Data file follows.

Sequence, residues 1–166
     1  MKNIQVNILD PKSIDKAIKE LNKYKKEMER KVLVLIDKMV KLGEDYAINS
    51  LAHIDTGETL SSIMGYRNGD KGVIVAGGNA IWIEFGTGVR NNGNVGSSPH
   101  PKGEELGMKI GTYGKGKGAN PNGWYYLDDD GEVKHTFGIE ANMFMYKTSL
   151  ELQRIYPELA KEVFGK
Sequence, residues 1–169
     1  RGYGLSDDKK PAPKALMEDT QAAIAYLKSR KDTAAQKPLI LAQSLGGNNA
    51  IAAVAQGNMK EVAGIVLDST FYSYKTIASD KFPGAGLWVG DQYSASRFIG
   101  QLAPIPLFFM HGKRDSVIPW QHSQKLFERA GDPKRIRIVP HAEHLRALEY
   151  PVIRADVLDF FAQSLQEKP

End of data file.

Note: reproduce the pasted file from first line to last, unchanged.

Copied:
Sequence, residues 1–166
     1  MKNIQVNILD PKSIDKAIKE LNKYKKEMER KVLVLIDKMV KLGEDYAINS
    51  LAHIDTGETL SSIMGYRNGD KGVIVAGGNA IWIEFGTGVR NNGNVGSSPH
   101  PKGEELGMKI GTYGKGKGAN PNGWYYLDDD GEVKHTFGIE ANMFMYKTSL
   151  ELQRIYPELA KEVFGK
Sequence, residues 1–169
     1  RGYGLSDDKK PAPKALMEDT QAAIAYLKSR KDTAAQKPLI LAQSLGGNNA
    51  IAAVAQGNMK EVAGIVLDST FYSYKTIASD KFPGAGLWVG DQYSASRFIG
   101  QLAPIPLFFM HGKRDSVIPW QHSQKLFERA GDPKRIRIVP HAEHLRALEY
   151  PVIRADVLDF FAQSLQEKP